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Crude oil prices rise amid renewed Venezuela concerns

By
Renzo Pipoli
Crude oil prices rose early Tuesday amid renewed concern about potential disruptions after the United States-imposed sanctions against Venezuelan state oil company PDVSA. Photo by Monika Graff/UPI
Crude oil prices rose early Tuesday amid renewed concern about potential disruptions after the United States-imposed sanctions against Venezuelan state oil company PDVSA. Photo by Monika Graff/UPI | License Photo

Jan. 29 (UPI) -- Crude oil prices were higher early Tuesday amid renewed concern about Venezuelan supplies but market worries about potential demand reduction in China kept prices from going up more, an analyst said.

West Texas Intermediate prices rose 0.9 percent to $52.47 per barrel as of 8:40 a.m. EST while Brent crude future prices rose 1 percent to $60.43 per barrel.

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"Oil prices continue to hang finely in balance with the possible impact of sanctions on Venezuela impacting the supply of oil and the continued U.S. vs. China (trade) dispute impacting the demand for oil," Sukrit Vijayakar, analyst at Trifecta Consultants, told UPI.

The rise comes a day after the United States government on Monday imposed new sanctions designed to prevent Venezuelan President Nicolas Maduro, who is not recognized by several nations including the United States, to continue to tap any money from the state oil company PDVSA's oil exports.

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While Venezuelan oil exports to U.S companies can continue, funds need to be deposited in accounts to which Maduro has no access.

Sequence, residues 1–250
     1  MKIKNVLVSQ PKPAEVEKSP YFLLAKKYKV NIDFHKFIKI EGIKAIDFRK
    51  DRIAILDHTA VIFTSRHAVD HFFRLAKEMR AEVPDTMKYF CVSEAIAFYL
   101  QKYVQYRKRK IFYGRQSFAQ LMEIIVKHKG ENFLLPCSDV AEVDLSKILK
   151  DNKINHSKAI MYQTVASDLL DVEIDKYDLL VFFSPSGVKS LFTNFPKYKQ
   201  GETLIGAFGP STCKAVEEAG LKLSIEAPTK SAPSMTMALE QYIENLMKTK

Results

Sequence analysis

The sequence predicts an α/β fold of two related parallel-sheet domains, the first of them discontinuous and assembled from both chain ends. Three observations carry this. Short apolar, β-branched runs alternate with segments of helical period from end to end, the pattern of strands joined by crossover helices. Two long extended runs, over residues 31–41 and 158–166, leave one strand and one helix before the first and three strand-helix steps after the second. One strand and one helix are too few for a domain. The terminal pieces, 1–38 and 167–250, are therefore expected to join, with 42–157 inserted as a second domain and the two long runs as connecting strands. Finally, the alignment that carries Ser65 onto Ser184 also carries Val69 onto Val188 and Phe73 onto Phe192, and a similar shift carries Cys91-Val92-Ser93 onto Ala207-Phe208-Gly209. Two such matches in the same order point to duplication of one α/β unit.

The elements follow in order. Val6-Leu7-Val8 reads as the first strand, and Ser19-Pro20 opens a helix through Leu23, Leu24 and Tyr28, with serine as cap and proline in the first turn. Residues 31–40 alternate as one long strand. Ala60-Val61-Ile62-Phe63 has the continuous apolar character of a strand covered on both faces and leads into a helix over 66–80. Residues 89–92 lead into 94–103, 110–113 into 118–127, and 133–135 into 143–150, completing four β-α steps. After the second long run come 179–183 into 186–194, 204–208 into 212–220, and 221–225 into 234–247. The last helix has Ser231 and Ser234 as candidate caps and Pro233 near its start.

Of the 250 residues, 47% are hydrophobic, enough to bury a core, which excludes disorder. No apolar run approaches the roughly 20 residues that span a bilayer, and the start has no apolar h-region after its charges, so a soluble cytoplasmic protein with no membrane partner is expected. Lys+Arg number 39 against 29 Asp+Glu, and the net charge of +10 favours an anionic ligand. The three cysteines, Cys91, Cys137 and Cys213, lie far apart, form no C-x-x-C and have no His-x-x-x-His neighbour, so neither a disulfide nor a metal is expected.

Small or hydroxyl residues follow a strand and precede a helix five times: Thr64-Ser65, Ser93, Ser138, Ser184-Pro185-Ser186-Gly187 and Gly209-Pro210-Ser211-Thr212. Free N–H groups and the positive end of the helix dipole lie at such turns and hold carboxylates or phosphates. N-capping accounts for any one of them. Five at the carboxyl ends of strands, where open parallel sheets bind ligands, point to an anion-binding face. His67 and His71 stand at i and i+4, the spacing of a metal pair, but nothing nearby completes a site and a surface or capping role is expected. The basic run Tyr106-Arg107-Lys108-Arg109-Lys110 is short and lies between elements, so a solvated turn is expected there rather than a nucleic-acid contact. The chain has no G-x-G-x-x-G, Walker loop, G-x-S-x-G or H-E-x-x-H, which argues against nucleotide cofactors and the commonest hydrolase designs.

Venezuela's National Assembly leader Juan Guaido also on Monday said that he will move to elect a new board of directors at PDVSA and its U.S. subsidiary Citgo, stepping up the confrontation with Maduro.

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Venezuela produces some 1.15 million barrels per day of crude oil. Traders and investors have contemplated the possibility that a deepening political crisis in Venezuela could lead to sharp production declines and cause market imbalances.

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However, on the other hand, the crude oil market has long seen bearishness related to a trade dispute between the United States and China that has seen exchanges of tariffs and countertariffs.

A demand reduction for energy in China, biggest crude oil importer in the world, would affect markets. In addition, an economic confrontation between the United States and China, the world's two biggest economies, could also lead to economic slowdowns elsewhere.

The United States and China are working to try to reach agreements by March, a deadline agreed by both nations in November before announced new additional tariffs go into effect.

"The Trump administration will see the sanctions on Venezuela working in sync with their pressure on China given that the latter is heavily invested there," Vijayakar added.

Chinese investments in Venezuela include the joint venture Sinovensa, owned by a PDVSA subsidiary and China National Petroleum Corporation.

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